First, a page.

Newspaper vendors on Coventry Road in the industrial sites were my first target.

“Can I pay for your newspapers with bond notes?”

“Yes” (no, I can’t – they haven’t been released yet)

“The Zimbabwe dollar is back!”

Nervous giggles – clearly I was not going to get a response here.

I stopped at the Zimbabwe Fertilizer Company yard to buy some gypsum. Despite my best provocations the clerk who served me would not be drawn to any sort of opinion on the matter. I was more blunt with the labourers who loaded the fertilizer. They were so bored with the lack of business that even those not involved wandered over.

“Pamberi ne ZANU-PF” (forward with the ruling party) I shouted and gave a clenched fist salute. Laughter.

“Pamberi ne Zimbabwe dollar” elicited a similar response. Nobody showed much interest in a debate.

My campaign reached it’s finale at the accounting office where I had to sign my companies’ annual returns (to indicate they were still active). The clerk’s response to my provocation was simply; “Ah, but what can we do?”. Protest perhaps?

Getting onto the internet at home was instructive. A statement from the Reserve Bank governor was circulating that was instructive and entertaining. The bond notes are going to be issued in $20, $10 $5 and $2 denominations and will be equivalent to their US cousins. They will be backed by a bond (hence the name) of $200 million from the Africa Export-Import Bank though they will be released as necessary (the $50m that backed the release of the bond coins last year has not all been used). But why are we in this mess?

  • as the economy has declined our balance of trade deficit has ballooned. There is less money around to buy the cash we need. It’s going into importing goods.
  • the cash we need has dwindled because it has become a commodity in itself. People are hoarding it because they don’t trust the banking system that let them down so badly in the past. The Reserve Bank estimates that some $3b – $7b is circulating in the informal sector and never goes through banks.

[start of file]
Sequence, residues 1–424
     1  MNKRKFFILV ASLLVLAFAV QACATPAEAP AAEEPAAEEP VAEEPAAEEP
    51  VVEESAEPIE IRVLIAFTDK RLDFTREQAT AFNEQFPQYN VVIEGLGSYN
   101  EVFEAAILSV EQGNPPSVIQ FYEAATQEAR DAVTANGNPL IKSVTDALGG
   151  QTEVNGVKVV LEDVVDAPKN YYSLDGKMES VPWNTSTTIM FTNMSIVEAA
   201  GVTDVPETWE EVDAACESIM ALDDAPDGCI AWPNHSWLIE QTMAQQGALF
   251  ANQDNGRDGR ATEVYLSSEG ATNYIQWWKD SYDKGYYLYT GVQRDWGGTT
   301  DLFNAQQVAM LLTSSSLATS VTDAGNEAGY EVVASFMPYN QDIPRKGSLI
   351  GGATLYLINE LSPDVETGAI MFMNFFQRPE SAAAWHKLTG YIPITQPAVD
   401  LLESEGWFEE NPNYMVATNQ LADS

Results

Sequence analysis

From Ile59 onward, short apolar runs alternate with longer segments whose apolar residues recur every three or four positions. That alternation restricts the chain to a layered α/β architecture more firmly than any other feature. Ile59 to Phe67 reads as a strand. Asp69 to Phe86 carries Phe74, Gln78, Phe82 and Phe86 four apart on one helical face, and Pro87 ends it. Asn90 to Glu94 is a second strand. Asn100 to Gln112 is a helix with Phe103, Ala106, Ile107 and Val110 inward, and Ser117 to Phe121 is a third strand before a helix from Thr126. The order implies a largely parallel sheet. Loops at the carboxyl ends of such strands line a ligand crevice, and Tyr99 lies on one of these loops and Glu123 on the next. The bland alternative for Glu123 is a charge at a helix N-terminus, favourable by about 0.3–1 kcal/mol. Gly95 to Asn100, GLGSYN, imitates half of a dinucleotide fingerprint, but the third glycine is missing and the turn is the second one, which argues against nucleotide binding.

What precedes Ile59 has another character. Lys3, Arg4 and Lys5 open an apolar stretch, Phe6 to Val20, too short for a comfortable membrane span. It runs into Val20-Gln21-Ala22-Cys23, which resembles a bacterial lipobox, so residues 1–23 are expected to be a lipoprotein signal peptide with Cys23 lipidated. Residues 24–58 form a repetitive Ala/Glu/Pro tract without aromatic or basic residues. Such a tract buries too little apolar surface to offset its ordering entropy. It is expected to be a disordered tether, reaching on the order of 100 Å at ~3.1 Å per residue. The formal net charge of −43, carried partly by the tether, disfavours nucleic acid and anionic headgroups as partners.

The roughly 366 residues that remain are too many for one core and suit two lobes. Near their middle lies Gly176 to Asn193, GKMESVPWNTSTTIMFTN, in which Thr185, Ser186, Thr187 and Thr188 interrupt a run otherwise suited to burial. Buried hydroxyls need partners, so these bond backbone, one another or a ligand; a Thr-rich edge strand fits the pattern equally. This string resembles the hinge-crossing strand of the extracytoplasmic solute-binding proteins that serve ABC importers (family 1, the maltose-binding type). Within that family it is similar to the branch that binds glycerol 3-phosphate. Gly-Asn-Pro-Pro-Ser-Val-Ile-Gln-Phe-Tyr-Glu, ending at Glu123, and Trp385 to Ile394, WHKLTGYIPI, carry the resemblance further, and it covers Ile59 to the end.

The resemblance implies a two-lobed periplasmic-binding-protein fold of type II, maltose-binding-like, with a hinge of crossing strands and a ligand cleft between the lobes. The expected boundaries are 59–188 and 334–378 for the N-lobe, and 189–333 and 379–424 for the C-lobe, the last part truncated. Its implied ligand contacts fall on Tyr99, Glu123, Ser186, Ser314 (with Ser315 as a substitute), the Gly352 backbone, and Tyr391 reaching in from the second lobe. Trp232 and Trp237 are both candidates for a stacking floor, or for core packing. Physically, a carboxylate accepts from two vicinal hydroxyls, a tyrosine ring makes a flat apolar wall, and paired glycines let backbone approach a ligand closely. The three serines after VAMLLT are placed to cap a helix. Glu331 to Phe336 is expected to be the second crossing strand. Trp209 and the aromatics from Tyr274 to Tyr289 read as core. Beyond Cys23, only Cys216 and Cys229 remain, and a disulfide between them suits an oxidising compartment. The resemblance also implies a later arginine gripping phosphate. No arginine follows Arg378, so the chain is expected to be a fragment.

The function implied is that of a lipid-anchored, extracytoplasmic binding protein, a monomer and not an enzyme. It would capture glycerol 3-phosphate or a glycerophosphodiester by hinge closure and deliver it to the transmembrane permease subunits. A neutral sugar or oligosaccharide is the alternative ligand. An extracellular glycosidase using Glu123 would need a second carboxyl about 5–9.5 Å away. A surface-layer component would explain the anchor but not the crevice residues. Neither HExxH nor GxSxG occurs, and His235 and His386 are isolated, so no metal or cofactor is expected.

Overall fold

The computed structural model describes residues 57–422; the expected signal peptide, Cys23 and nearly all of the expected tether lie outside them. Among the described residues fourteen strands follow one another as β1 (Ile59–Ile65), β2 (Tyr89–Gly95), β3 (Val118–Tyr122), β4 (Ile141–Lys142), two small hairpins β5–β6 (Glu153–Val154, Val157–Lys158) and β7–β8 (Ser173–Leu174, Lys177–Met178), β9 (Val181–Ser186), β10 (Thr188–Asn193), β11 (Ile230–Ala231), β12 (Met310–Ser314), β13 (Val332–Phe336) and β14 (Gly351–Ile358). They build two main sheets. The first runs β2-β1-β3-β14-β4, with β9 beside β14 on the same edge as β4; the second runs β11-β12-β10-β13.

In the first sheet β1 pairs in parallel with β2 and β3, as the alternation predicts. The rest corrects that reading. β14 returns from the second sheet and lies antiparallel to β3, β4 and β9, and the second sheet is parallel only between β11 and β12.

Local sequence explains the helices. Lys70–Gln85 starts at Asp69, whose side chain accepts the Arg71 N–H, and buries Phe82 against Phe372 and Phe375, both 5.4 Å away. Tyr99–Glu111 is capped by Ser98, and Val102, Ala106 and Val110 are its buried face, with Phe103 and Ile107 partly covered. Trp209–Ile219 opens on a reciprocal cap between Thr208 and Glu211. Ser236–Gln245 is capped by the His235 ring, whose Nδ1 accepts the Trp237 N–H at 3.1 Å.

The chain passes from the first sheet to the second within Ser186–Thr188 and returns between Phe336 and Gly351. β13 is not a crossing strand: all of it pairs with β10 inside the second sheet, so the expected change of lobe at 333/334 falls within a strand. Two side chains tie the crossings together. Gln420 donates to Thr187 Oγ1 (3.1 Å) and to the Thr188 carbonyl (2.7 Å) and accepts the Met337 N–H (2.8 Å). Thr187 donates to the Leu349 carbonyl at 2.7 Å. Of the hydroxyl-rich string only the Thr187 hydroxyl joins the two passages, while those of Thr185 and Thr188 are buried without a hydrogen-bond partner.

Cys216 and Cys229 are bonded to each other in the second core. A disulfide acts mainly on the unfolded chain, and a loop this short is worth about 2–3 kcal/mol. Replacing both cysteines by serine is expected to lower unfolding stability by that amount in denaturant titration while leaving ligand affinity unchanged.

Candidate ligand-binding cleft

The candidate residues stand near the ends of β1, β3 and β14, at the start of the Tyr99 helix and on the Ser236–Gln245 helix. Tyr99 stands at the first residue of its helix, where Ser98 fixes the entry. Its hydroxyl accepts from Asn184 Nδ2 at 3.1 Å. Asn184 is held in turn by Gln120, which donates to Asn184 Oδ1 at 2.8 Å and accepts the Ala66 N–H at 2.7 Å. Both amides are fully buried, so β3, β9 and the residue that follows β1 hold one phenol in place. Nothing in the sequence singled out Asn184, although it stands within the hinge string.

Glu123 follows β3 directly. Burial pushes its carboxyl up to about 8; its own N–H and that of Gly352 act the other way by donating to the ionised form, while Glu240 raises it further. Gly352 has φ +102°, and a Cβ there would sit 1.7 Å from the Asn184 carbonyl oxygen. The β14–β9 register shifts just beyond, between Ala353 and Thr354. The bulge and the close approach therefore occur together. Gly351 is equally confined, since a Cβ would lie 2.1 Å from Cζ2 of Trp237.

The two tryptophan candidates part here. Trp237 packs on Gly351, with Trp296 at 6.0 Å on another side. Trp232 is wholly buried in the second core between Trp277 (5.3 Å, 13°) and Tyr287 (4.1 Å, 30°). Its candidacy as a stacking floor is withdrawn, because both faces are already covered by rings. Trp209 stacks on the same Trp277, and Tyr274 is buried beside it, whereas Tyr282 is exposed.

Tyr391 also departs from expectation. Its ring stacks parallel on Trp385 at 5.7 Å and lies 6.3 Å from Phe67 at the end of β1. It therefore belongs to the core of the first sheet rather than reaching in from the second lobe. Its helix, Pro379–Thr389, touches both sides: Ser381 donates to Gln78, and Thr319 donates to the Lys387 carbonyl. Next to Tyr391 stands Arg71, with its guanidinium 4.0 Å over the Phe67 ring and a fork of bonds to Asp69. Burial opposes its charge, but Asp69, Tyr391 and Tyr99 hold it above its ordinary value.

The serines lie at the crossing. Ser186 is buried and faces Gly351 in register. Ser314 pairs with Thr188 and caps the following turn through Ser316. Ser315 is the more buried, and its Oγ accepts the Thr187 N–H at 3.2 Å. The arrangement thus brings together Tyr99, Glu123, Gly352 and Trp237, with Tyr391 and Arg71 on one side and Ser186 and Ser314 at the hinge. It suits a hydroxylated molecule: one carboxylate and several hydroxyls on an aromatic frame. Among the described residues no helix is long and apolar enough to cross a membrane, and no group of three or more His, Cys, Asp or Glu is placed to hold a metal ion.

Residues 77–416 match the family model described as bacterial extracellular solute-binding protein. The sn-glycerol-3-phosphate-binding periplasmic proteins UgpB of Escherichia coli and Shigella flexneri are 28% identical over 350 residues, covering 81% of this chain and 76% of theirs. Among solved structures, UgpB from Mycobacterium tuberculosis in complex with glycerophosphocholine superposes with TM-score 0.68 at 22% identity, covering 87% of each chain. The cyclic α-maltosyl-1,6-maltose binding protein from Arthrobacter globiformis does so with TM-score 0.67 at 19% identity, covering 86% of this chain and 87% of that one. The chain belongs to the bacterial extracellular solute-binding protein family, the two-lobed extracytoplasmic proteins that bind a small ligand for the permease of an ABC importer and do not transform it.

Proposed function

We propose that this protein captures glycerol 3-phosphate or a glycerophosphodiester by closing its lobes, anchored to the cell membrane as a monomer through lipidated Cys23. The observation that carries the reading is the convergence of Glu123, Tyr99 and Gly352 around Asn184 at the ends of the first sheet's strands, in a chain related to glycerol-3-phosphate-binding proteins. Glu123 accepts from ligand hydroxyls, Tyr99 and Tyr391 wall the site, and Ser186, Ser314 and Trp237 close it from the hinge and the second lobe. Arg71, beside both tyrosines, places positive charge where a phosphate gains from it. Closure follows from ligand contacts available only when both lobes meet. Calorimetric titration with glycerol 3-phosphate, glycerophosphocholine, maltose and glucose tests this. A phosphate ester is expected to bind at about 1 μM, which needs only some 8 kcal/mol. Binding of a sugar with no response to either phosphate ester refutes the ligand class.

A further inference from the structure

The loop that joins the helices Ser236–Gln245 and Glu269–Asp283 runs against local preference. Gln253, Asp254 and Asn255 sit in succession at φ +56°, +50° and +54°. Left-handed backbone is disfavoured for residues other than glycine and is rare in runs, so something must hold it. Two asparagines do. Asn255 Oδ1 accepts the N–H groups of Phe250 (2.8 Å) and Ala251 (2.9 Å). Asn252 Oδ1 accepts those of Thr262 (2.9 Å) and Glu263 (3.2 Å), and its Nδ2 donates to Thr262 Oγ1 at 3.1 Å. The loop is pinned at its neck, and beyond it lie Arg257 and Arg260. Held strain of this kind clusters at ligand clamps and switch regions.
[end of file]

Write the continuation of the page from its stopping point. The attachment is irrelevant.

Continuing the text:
• the countries around us with more volatile currencies are eager to get hold of US dollars and are mopping it up any way they can.
  • the cash is being illegally exported. Who is responsible? In the words of a teller at a bank I deal with¬† – “The big men are stealing it all”. Also the Chinese. One was caught recently at Harare airport leaving with a large amount of cash.

So the elastoplast fix is multi-faceted. Heavy restrictions on imports especially luxury items. Raw materials, medicines and fuels are unrestricted. Paying for students overseas is restricted. Cash withdrawals are limited to $1000 per day. This should make paying wages for the big companies interesting. There are heavy restrictions on taking cash out the country but I saw nothing about using local Visa cards outside the country. Use of plastic money is going to be heavily encouraged and in some cases laughable; “To this end, every business in all geographical areas and sectors of the economy must have a point of sale per till machine or purchase point” in the words of the Reserve Bank governor. Really? That rural bottle store in the Honde Valley must get a POS machine?

So will it work? No, as I said earlier it’s not addressing the source of the problem – the gravely ill economy. Luxury goods will of course be available at a hugely inflated price (better stock up on wine now!) as those who can circumvent restrictions. Local producers will lack competition and hike prices. Cash is already being sold at a 10% markup and really, what will $200m do? Real $100 and $50 notes will be hoarded and smuggled even faster than before and the run on the banks that started some time ago will not stop as people fear the worst. It’s a self-fulfilling prophecy.

So is this the return of the Zimbabwe dollar? Whilst the Reserve Bank has stated it has no plans to reintroduce the Zimbabwe dollar I don’t know anyone who actually believes that – apart from maybe itself.

 

 





A nice idea

3 02 2015

Towards the end of last year Zimbabwe was abuzz with the news that bond coins were going to be introduced. The news was not well received and, despite strong denial from the Reserve Bank, rumours abounded that it was an attempt by the government to reintroduce the Zimbabwe dollar. I had seen one or two but up until today had not actually received any as change.

Small change

Small change

Small change is in notoriously short supply in Zimbabwe. South African coins (2 RAND lower right) have been useful in that they are roughly 1/10 the value of a dollar (so the 2 RAND coin is valued at 20c) but obviously they have to be bought at least the face value plus some sort of commission. The bond coins, which are minted in South Africa, are pegged at equal to the US dollar though they have no value outside the country. They certainly cost less to produce than their face value. A nice idea and certainly preferable to receiving ball point pens or sweets as change which was the case. People receiving lots of coins, such as the mini bus drivers, can go and change the coins at the end of the day for paper money at a bank. Except, as Shelton tells me, most refuse to accept them.